06 June 2023
In her latest thought leadership article, Shelley Harris, commercial director at IPP, asks if we will have the ‘bottle for change’ when it comes to sending zero waste to landfill.
We’d all love to be ‘zero heroes’ when it comes to recycling items which will otherwise become single-use and end up in landfill or water courses, at huge cost to the environment.
We nostalgically hark back to the 1970s to when we had a ready-made recycling scheme from home, where milk was delivered in reusable glass bottles on electric floats as part of an early form of an eco-friendly circular economy.
Likewise fizzy pop, delivered and collected from people’s homes, utilised a deposit scheme allowing households to deduct the cost of the next drinks if the bottle was re-used. This in turn encouraged enterprising youngsters to collect abandoned pop bottles and take them to corner shops to redeem a few pence to supplement their pocket money.
Cost to the planet
This was all before it was decided that milk sold in plastic bottles in supermarkets and corner shops was cheaper, along with carbonated drinks in cans and plastic bottles. With the benefit of hindsight, both commercial decisions turned out to be vastly more expensive in terms of the cost to the planet.
Now we learn that DEFRA’s Deposit Return Scheme (DRS) for recyclable materials, which is already set to be introduced seven years after it was originally proposed in 2025, will not include glass in England.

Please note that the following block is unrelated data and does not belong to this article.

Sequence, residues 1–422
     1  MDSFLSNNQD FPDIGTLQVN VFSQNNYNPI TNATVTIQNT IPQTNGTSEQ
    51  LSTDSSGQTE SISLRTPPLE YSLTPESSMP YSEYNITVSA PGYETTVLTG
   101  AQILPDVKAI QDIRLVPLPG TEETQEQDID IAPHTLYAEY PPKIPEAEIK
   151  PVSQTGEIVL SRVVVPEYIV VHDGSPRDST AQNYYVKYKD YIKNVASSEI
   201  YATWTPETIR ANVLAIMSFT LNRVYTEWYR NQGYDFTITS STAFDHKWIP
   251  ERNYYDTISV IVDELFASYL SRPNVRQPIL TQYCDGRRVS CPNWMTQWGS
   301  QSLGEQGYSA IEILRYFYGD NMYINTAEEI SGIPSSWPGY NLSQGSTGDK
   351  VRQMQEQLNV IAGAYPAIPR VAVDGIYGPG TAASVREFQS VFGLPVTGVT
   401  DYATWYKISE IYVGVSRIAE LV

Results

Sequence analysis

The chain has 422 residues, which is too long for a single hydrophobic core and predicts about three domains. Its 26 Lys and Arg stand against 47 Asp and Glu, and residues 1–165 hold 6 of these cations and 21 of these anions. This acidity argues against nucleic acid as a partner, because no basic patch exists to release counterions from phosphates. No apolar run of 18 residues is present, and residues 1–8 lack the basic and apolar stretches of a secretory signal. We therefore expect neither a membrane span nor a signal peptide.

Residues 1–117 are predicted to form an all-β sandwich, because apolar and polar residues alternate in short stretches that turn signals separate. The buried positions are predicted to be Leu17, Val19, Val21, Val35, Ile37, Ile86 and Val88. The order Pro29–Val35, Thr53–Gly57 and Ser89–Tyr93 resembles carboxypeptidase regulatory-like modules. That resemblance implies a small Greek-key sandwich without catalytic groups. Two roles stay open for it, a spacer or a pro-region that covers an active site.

Instead, consumers will pay a deposit fee for plastic bottled and canned drinks at the point of sale, which will be redeemed when they return the container to a reverse vending machine (RVM) at the store on the next visit.
Businesses wanting to act as deposit management organisations (DMOs) will tender to the government to get the operation up and running.
Although designed to incentivise returns, at £100,000 per RVM and a row bubbling up over the exclusion of glass from the scheme in England, it’s hard to see a joined-up strategy across the UK.
It seems rather the opposite, creating conflict within the packaging industry and across the devolved powers of the UK without any clear evidence that people will embrace the scheme by remembering to bring their bottles back.
There is, however, a growing appetite for a home solution, with the added bonus of smartphone technology allowing consumers to redeem their initial deposits.
For solutions to work, there has to be consistency of approach and consensus from policy makers to the packaging manufacturers and ultimately, the consumer. Collaborative solutions, like those in the circular economy, mean everyone is on board rather than at odds with each other.
To achieve this, central government needs to have the bottle to bring everyone together under one unified scheme that works both home and away so that we can all be zero heroes.